Things To Do‎ > ‎Walking‎ > ‎

Northumberland Coast Path

Walking the Northumberland Coast Path
The Northumberland Coast Path is a designated path that runs the entire stretch of Northumberland's Area of Outstanding Natural Beauty. The Coast Path is split into 6 manageable walks, all of which can be walked in a day. The route is clearly signposted and well maintained, it is mostly flat, with occasional inclines and plenty of places to stop for a rest and a bite to eat along each stage. The County Council have recently been working to replace most of the step over stiles with gates in order to improve accessibility.

Northumberland's coastline is simply stunning. There is no other word for it, the Coast Path offers some of the most spectacular coastal walking in Europe, and in my opinion, the world. You will find a wonderful mixture of sandy beaches, dramatic cliffs, secluded coves, ancient castles, fishing villages and an amazing variety of wildlife. You'll also find the Northumbrian people you will meet along the way to be friendly and hospitable, something we are famous for.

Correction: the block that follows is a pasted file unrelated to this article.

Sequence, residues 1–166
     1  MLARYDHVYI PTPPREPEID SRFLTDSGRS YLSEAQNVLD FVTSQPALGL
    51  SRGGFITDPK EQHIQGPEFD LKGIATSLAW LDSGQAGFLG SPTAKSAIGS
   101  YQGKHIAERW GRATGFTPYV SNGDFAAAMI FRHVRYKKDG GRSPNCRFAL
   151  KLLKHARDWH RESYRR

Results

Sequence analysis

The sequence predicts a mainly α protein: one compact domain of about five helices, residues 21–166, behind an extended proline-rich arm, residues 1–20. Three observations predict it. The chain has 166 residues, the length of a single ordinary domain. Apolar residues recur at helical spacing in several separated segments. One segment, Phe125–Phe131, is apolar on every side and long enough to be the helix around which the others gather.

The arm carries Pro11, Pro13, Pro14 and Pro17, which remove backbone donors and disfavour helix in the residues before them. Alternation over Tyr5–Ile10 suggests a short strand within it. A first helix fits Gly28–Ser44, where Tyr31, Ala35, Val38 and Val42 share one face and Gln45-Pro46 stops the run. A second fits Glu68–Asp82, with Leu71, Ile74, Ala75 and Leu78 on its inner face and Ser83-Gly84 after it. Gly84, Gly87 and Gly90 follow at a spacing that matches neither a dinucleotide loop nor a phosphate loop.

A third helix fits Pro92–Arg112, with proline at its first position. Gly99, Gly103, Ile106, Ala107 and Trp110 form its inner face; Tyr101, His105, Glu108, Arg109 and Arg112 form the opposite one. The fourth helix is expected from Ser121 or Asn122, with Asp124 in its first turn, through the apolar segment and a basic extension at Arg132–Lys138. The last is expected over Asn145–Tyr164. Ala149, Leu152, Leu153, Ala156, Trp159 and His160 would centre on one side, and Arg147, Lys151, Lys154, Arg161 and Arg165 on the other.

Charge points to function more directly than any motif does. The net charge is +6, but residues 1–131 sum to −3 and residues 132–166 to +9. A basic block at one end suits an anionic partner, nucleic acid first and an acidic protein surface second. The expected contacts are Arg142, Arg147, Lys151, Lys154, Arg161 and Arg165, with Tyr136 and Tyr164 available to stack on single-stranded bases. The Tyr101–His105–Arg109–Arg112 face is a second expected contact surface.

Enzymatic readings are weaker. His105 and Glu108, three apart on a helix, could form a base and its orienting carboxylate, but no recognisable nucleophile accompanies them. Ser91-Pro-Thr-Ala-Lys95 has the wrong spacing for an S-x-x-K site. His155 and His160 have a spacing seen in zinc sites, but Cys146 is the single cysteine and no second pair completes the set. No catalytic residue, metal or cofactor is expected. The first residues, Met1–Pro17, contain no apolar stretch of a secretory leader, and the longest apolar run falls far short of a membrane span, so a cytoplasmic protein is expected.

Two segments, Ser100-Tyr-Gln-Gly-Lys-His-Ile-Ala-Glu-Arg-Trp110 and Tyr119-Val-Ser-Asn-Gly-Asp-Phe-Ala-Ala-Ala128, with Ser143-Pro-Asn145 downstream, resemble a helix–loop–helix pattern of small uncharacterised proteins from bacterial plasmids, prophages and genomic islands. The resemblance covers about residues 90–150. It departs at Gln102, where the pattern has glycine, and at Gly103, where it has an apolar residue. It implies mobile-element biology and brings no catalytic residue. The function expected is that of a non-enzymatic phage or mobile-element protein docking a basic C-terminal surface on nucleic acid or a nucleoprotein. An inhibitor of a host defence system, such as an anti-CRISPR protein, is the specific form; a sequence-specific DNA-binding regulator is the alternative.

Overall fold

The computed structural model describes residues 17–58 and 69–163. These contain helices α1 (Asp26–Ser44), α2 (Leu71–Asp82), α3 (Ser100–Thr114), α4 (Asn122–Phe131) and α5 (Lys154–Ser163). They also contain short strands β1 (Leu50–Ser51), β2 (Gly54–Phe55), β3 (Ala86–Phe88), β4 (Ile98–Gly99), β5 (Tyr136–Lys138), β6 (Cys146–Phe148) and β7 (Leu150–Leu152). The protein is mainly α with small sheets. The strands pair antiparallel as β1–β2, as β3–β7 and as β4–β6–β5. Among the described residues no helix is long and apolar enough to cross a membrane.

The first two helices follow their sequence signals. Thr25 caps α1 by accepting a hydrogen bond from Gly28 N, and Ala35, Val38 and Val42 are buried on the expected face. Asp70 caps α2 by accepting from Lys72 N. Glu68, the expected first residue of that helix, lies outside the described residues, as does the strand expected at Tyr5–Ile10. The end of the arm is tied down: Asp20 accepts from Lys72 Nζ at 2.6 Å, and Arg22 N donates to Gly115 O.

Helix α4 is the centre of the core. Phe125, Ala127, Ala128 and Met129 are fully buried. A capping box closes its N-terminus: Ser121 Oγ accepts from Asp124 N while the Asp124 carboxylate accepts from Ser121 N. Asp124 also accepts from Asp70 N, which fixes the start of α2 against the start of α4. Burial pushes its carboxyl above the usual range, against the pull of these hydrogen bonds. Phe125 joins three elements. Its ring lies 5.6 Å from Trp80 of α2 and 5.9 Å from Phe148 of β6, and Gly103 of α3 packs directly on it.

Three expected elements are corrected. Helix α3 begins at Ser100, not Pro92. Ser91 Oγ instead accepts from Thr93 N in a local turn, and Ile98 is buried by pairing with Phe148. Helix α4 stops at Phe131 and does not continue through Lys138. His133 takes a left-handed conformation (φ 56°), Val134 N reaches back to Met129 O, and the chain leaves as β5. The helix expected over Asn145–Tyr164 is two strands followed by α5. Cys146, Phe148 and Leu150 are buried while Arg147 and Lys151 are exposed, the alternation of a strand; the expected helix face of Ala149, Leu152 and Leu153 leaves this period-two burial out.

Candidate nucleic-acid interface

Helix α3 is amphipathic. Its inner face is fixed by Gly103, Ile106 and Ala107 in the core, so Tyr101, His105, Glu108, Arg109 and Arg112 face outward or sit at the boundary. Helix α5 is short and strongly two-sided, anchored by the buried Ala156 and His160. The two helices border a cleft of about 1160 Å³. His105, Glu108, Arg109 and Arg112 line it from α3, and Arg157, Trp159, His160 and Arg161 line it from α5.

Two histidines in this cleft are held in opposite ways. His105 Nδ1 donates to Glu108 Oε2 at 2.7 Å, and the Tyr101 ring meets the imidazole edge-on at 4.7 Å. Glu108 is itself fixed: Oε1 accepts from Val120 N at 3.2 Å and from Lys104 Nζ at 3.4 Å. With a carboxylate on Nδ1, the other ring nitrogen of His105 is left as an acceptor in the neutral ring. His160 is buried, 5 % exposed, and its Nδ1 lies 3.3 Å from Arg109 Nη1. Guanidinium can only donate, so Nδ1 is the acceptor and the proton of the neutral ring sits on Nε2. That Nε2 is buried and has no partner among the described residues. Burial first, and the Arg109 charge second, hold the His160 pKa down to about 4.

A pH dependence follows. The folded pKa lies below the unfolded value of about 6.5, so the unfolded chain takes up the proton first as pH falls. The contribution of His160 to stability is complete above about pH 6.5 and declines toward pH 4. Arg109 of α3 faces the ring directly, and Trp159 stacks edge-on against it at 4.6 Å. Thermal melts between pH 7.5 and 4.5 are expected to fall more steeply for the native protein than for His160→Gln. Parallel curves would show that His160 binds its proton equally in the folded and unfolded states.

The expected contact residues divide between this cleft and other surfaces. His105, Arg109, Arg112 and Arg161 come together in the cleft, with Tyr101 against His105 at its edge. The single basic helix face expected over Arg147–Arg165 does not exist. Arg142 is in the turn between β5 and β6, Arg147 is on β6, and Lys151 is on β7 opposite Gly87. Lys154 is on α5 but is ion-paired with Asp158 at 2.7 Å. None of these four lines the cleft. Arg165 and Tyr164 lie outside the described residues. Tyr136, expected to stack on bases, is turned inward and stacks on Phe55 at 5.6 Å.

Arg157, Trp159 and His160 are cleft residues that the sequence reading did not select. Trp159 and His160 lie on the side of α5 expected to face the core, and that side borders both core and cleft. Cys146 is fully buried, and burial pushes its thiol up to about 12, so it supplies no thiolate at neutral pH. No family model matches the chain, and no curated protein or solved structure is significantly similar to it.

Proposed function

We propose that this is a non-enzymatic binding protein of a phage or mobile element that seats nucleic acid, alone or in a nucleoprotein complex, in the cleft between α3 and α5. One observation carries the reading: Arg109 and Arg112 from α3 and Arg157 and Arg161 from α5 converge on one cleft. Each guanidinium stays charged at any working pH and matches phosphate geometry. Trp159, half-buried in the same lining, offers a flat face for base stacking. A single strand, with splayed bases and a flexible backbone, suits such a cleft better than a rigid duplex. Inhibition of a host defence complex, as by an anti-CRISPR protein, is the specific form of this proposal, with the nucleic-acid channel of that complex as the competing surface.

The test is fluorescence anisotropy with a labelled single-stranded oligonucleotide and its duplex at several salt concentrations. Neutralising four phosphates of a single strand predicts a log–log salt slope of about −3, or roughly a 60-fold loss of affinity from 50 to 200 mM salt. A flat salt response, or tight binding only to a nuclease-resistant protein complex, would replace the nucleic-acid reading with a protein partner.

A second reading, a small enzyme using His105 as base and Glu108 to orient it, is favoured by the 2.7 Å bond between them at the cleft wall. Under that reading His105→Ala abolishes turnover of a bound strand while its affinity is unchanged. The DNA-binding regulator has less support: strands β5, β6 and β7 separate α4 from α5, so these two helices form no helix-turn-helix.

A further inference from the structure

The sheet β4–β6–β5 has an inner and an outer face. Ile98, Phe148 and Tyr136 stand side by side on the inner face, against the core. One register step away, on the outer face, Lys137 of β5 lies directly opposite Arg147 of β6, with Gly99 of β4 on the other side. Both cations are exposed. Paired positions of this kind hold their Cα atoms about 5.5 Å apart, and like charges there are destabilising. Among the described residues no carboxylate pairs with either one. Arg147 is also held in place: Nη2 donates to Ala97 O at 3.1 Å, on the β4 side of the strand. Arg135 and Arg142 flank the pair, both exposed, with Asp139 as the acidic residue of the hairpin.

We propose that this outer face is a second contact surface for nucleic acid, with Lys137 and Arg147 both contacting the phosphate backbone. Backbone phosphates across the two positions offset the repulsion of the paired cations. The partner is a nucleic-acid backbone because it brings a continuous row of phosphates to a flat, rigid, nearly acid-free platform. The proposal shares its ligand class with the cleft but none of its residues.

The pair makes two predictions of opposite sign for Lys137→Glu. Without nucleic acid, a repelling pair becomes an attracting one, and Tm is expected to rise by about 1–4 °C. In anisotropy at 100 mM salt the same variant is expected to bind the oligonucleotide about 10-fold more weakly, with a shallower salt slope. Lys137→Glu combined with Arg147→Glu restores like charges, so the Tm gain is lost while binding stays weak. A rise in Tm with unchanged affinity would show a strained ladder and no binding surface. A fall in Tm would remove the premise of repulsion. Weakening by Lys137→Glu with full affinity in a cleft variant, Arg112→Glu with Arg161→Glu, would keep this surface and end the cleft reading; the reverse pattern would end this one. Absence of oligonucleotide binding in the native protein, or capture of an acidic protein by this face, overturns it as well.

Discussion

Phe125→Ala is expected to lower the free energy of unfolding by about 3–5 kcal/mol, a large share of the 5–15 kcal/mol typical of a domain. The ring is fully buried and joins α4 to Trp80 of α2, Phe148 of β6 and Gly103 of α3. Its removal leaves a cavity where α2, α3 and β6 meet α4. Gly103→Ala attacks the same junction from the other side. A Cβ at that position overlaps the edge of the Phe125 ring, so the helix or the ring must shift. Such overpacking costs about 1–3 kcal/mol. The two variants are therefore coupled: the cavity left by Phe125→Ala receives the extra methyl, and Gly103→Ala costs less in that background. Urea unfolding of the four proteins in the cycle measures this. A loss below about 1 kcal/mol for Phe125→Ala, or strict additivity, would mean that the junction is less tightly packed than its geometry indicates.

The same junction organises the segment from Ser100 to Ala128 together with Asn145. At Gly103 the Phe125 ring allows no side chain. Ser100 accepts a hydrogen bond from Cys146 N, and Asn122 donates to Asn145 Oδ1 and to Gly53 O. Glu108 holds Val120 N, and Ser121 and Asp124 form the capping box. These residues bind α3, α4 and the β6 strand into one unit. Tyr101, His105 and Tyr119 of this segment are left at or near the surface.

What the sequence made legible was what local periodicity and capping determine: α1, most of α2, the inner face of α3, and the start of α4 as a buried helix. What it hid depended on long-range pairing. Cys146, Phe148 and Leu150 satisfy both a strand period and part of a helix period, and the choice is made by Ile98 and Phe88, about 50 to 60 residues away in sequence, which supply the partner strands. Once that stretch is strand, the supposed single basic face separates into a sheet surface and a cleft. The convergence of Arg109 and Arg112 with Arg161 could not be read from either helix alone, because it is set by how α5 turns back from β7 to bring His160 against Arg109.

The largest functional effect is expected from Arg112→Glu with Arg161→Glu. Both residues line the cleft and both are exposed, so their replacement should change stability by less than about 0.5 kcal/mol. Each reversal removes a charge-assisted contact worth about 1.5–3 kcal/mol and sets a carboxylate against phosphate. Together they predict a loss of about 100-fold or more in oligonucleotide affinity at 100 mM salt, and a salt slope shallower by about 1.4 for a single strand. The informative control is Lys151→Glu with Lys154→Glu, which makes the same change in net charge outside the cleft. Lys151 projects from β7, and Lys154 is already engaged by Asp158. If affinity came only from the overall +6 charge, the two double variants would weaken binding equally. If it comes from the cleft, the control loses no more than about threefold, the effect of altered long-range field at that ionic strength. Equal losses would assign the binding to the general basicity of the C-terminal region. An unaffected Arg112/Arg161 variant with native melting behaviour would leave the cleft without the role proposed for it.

I have created interactive maps for each of the six stages for you to explore. Each one has photos and places of interest marked, along with recommended stop off points for refreshments. There is also a Guide Book created by the County Council to accompany a walk along the Coast Path and can be ordered on their website.

Select a stage below to start exploring the Northumberland Coast Path:

Each stage shows off a different and interesting aspect of the Northumberland Coast and each has it's own merits. However, my personal favourites are stages two, three and four. I feel they have the widest variety of natural beauty, wildlife and of course you can't forget Northumberland's stunning Castles that you'll encounter along the way. 

There are also a large number of other circular coastal walking routes that start at various points along our coastline including Alnmouth, Craster, Low Newton, Bamburgh and Holy Island. I will be adding more information about these routes shortly. 

Join the National Trust